According to the Twitter feed of Planned Parenthood of Northern New England (@ppnne), the Portland City Council voted unanimously this evening to impose what PP calls a “patient safety zone” outside abortion facilities.
Also known as buffer zones, such ordinances typically impose a perimeter around abortion facilities to keep peaceful pro-life prayer witnesses at a distance.
The sketchy report provided by the tweets indicates that abortion advocates were well-represented at the meeting, which included public testimony. The Council meeting was scheduled to begin at 7 p.m.; testimony reportedly ended shortly after 10; the Council vote was concluded by 10:25.
The Councilors added an “emergency” provision that makes the ordinance effective immediately.
The United States Supreme Court will rule within the next few months on the constitutionality of Massachusetts’s buffer zone law. The Concord, New Hampshire city council recently took a wait-and-see attitude to a petition for a zone around “reproductive health facilities” in that city.
The U.S. Supreme Court is back in session, and among the cases it will decide by next summer is one from Massachusetts challenging that state’s 35-foot no-protest zone around abortion facilities [McCullen v. Coakley]. The plaintiffs are seven pro-lifers who regularly do sidewalk counseling outside abortion facilities in Boston, Worcester, and Springfield.
The pending case was a factor in the decision by the Concord, NH City Council not to follow up on a petition to impose a 35-foot zone around the Feminist Health Center. When that petition was in the news, I went to Concord to measure what a 35-foot zone would look like there (see Thirty-Five Feet in Theory and Practice). I still wonder if the Concord Chamber of Commerce realizes that a 35-foot “buffer” would put pro-lifers on its doorstep instead of the FHC’s. If the Supreme Court upholds the Massachusetts law, you can expect to see a buffer zone imposed by the city, if not by the state.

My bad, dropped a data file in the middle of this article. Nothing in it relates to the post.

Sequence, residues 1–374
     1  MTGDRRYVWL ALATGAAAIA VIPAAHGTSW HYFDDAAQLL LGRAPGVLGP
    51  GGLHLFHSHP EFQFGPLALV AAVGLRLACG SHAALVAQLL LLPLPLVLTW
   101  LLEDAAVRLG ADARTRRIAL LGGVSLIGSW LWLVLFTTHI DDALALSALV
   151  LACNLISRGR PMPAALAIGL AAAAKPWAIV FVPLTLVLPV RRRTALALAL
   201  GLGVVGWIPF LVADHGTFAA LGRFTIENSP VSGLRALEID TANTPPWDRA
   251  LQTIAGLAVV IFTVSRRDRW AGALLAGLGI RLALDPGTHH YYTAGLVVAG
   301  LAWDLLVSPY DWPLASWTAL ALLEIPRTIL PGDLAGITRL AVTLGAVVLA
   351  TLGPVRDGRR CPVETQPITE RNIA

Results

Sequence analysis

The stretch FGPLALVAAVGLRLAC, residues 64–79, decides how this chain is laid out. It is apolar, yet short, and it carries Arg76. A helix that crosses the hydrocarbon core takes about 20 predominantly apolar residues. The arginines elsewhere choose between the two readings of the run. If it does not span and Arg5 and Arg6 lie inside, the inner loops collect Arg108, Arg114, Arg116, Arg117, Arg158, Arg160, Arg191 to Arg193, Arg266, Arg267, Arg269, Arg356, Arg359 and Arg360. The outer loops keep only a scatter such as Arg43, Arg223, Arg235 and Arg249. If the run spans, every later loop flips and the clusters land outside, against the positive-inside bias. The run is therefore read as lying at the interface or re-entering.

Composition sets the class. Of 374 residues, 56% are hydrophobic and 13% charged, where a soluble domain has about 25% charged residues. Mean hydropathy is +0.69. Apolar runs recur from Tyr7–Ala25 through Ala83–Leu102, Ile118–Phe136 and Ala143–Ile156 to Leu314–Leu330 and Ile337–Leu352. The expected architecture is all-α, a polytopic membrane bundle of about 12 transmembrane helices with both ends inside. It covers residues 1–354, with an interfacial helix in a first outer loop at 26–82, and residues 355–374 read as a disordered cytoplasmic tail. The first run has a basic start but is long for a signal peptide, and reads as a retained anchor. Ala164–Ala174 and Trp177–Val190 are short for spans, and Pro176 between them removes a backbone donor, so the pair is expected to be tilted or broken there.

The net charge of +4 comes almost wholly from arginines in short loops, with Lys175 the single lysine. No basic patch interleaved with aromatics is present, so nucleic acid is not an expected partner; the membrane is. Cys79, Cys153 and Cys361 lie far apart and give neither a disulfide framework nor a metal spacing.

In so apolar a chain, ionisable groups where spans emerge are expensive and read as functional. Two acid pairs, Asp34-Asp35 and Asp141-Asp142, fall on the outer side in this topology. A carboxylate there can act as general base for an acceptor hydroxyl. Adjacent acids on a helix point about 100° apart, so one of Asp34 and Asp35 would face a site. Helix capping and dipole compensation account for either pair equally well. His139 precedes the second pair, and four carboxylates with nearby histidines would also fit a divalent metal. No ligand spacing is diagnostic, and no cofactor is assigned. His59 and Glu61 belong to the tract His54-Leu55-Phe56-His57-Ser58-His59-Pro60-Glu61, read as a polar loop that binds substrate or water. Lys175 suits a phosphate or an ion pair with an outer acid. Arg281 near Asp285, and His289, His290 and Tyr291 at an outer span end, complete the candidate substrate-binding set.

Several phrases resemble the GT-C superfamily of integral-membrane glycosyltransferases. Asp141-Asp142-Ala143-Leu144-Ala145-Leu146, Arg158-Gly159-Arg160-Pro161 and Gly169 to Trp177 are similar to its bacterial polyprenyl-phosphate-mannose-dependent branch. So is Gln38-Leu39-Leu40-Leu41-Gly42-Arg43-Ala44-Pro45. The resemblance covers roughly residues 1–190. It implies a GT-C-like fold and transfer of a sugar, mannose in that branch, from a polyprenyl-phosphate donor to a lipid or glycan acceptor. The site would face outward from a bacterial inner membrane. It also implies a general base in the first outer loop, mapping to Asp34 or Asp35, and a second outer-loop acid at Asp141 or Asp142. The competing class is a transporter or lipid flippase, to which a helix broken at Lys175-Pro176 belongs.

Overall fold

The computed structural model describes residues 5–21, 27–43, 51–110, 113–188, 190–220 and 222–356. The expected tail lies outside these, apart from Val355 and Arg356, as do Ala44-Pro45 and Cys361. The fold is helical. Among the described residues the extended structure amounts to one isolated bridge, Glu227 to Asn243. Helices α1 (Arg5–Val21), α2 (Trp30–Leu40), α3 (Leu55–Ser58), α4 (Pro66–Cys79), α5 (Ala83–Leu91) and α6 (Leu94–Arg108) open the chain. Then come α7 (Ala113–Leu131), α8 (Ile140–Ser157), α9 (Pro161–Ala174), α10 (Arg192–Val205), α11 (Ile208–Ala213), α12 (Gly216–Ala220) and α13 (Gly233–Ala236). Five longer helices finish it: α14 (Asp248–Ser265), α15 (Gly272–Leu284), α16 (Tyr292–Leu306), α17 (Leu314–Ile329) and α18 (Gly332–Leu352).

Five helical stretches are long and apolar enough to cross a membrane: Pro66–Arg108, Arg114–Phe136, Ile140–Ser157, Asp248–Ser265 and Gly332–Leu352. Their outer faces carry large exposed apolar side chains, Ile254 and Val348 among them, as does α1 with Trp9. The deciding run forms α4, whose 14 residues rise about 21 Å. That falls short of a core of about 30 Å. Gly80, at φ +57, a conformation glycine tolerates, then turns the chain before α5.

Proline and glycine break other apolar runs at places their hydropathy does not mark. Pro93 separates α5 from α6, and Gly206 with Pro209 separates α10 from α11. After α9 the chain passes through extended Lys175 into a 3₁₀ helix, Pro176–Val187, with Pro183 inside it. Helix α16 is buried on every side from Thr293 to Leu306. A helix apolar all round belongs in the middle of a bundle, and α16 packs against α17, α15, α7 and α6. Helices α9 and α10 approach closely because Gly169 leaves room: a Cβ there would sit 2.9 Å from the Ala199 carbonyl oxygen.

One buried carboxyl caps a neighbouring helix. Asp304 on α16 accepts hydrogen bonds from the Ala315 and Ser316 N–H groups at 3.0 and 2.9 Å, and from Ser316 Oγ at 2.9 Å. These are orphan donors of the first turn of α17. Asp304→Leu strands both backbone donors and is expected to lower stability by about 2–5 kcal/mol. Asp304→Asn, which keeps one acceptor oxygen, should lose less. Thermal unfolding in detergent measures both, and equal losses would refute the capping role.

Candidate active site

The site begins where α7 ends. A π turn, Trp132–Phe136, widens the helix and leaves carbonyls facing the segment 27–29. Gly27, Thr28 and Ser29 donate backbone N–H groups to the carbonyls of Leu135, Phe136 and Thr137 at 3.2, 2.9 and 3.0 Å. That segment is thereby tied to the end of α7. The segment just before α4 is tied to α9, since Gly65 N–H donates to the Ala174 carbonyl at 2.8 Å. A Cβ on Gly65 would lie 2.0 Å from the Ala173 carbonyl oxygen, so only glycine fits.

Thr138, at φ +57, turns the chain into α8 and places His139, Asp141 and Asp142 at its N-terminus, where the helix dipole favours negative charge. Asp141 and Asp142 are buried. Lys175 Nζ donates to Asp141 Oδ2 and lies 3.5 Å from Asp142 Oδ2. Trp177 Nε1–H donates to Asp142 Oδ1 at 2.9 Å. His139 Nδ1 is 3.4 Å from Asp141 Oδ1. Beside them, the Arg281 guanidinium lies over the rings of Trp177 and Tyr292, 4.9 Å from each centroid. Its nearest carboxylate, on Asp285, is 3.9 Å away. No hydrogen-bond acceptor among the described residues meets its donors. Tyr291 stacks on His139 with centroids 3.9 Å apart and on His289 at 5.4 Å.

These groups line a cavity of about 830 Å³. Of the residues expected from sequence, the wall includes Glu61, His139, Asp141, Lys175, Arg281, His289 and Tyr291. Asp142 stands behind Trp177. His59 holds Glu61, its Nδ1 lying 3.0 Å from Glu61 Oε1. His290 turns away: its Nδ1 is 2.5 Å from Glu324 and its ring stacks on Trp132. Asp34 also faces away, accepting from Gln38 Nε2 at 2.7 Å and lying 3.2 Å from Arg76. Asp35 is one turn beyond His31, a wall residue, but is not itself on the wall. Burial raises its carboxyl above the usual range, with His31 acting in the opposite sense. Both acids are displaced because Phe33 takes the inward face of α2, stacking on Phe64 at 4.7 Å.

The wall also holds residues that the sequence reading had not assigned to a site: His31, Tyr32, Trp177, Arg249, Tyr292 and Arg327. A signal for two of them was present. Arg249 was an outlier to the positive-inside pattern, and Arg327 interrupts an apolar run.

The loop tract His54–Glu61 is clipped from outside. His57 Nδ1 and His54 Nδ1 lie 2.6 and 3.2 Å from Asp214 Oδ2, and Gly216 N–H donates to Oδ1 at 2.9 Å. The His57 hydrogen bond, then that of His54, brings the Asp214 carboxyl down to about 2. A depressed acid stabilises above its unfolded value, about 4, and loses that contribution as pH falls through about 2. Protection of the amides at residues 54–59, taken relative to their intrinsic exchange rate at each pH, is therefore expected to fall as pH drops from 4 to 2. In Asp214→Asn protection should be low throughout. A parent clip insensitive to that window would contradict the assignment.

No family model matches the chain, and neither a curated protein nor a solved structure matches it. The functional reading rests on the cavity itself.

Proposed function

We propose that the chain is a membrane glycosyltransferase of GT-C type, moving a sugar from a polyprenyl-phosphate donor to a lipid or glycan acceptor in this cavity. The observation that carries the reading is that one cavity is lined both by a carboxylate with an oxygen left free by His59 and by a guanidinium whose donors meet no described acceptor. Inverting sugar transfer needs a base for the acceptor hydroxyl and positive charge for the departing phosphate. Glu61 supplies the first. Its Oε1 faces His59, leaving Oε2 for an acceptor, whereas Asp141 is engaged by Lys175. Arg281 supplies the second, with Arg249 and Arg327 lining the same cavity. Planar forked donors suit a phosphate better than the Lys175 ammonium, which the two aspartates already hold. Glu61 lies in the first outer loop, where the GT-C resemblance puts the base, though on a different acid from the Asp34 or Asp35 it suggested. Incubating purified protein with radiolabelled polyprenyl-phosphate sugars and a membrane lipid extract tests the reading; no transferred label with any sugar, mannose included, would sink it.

The challenged law applies to “reproductive health facilities” excluding hospitals. Violators are subject to fines and jail time, becoming more severe with repeat offenses. Mark L. Rienzi, attorney for the plaintiffs, told Boston.com, “The same rules have to apply to all speakers. The government cannot put peaceful pro-life speakers in jail, but give Planned Parenthood free rein on the same sidewalk.” It seems that employees of the abortion providers, who are not subject to the law, have been known to stand in front of the facilities and interact with clients in a manner to drown out the pro-lifers 35 feet away.
I saw a tweet the other day from Planned Parenthood of Northern New England, calling on supporters to show up in Portland to promote a “patient safety zone” there. That’s yet another euphemism for “First-Amendment-free zone.”
The Court last addressed no-protest zones in 2000 in the Hill v. Colorado case, when a 6-3 vote upheld a Colorado law establishing an 8-foot buffer. Five of those Justices are still on the Court, two of whom were in the Hill majority.
Late-term abortion case on appeal
In other Supreme Court news, Americans United for Life is reporting that Arizona officials are appealing a lower court decision striking down the state’s law limiting abortions after the fifth month of pregnancy. According to AUL, “Arizona’s defense relies directly on the Supreme Court’s 2007 decision in Gonzales v. Carhart, which upheld the federal partial birth abortion ban act. In that case, the Supreme Court expressed concern with late-term abortions and their impact on the unborn child and women’s health.”